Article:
But Iran is completely different ball game. At the UN General Assembly, the US delegation theatrically walked out when Ahmedinejad took the podium. Ahmedinejad, in turn, was seen removing his earpiece when George W. Bush began his speech.

Commercial interests

Actually, there could be minimal diplomatic fallout from the West since what Kenya is clearly pursuing are commercial interests that, in the end, dont threaten anyone.

Those are precisely the interests that have driven the Kibaki government to deepen ties with China, the rising super-power which everybody, including the United States, is busy doing business with.

The next stop on Kenyas diplomatic itinerary will come as a special surprise. According to the Foreign Ministry, it plans to open an embassy in Cuba early next year, coinciding with a visit to Havana by minister Moses Wetangula.

Far from tweaking anybodys nose, Kenyas primary interest is the scope for co-operation in various educational fields Cuba is renown for, such as its medical infrastructure. There are already several dozen Kenyans studying there.

When Kibaki became President in 2003, the first state visit he made was to the US at the invitation of President Bush. It has always looked curious that for a historically Anglo-centred country like Kenya, Kibaki has never deemed it necessary to pay an official visit to the UK.


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PM wants President Mugabe to resign from leadership

Posted by African Press International on December 7, 2008

‘Enough is enough’,

Britain’s Brown tells Mugabe

LONDON (AFP) British Prime Minister Gordon Brown said Saturday that world powers must join together to tell Zimbabwe’s Robert Mugabe that “enough is enough” amid a cholera epidemic which has killed nearly 600.

Brown said the crisis in Zimbabwe was now “international”, adding he hoped the United Nations Security Council would meet urgently to consider the situation.

His comments come as the international pressure on President Mugabe rises, with US Secretary of State Condoleezza Rice saying it was “well past time for Robert Mugabe to leave” and Brown’s Foreign Secretary David Miliband calling the Zimbabwean government a “rogue” regime.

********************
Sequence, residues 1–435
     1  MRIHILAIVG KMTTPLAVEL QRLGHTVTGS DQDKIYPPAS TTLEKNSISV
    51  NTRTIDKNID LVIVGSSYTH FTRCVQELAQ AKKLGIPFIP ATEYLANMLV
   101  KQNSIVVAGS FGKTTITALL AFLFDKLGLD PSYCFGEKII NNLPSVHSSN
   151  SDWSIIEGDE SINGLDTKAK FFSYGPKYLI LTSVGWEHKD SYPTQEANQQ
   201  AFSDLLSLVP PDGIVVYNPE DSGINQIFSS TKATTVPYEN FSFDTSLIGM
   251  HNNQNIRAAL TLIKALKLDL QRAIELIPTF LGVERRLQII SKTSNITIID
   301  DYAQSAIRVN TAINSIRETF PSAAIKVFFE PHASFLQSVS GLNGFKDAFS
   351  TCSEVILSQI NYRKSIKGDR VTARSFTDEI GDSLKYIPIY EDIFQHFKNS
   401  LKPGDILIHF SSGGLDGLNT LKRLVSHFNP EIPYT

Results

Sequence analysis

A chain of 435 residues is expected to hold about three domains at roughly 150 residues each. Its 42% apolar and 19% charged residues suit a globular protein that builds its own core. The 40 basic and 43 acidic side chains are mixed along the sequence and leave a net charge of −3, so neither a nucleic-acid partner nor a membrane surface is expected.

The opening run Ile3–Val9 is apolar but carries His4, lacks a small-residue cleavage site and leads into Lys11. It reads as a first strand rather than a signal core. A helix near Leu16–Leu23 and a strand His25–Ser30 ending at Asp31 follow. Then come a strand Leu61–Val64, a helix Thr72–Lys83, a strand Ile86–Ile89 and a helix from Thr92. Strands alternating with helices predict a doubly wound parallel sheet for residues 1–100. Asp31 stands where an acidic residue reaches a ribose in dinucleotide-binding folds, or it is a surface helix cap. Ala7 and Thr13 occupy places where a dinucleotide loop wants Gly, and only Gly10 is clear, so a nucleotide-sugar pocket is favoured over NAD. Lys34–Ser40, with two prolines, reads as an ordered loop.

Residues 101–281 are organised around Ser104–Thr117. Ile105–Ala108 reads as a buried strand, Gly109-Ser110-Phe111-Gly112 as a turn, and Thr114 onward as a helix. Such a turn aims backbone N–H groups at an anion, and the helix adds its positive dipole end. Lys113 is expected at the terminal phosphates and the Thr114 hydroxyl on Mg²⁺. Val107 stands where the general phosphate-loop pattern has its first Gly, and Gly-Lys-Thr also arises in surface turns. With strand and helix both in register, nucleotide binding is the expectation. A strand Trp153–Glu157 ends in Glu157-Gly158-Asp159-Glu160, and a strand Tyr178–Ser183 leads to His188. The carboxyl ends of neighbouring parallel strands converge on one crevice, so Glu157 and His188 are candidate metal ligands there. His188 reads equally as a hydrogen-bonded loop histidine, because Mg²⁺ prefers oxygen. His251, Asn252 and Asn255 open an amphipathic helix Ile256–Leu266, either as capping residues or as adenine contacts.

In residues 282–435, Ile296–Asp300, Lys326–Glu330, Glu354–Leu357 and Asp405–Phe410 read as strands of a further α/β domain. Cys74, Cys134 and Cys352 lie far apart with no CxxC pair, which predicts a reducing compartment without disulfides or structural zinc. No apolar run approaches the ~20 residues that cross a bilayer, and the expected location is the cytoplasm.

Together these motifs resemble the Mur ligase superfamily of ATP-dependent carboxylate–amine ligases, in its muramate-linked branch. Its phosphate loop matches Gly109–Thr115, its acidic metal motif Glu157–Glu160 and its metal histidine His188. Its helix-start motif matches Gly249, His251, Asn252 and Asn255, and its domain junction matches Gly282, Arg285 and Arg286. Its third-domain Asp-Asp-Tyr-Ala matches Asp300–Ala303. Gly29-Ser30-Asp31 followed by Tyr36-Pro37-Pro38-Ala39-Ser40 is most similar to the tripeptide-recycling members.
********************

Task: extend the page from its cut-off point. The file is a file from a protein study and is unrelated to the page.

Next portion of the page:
“This is now an international rather than a national emergency,” Brown said in a statement released by his Downing Street office.

“International because disease crosses borders. International because the systems of government in Zimbabwe are now broken. There is no state capable or willing of protecting its people.

“International because — not least in the week of the 60th anniversary of the Universal Declaration of Human Rights — we must stand together to defend human rights and democracy, to say firmly to Mugabe that enough is enough.”

Britain Thursday pledged extra aid to fight the cholera outbreak in its former colony, where the death toll has hit 575, according to the UN.

Brown said the focus now was on getting aid to the people who need it most, in part through the establishment of a command and control structure in Harare, stressing that “our differences with Mugabe will not prevent us doing so”.

He added he had been “in close contact with African leaders to press for stronger action to give the Zimbabwean people the government they deserve”.

“I hope that the Security Council will meet urgently to consider Zimbabwe,” he said, also calling on Zimbabwe to allow visits by senior officials.

Source. AFP

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World leaders want Mugabe to go

Posted by African Press International on December 7, 2008

Zimbabwe cholera action needed –


With the beleaguered African state now in the grip of a cholera epidemic, the Prime Minister said in a statement that the situation had deteriorated to the point where it demanded an international response.

He said: “This is now an international rather than a national emergency. International because disease crosses borders. International because the systems of government in Zimbabwe are now broken. There is no state capable or willing of protecting its people.

“International because – not least in the week of the 60th anniversary of the universal declaration of human rights – we must stand together to defend human rights and democracy, to say firmly to Mugabe that enough is enough.”

Mr Brown said the immediate priority was to prevent more deaths through the distribution of re hydration and testing packs.

He called for the establishment of a “command and control structure” in the capital, Harare, to co-ordinate the work of donors and NGOs to ensure that international aid reached the people who needed it most.

At the same time, Mr Brown said that he had been in close contact with African leaders to press for stronger action “to give the Zimbabwean people the government they deserve”.

He said that he now hoped that the United Nations Security Council would meet urgently to consider the situation in Zimbabwe.

“The people of Zimbabwe voted for a better future. It is our duty to support that aspiration,” he said.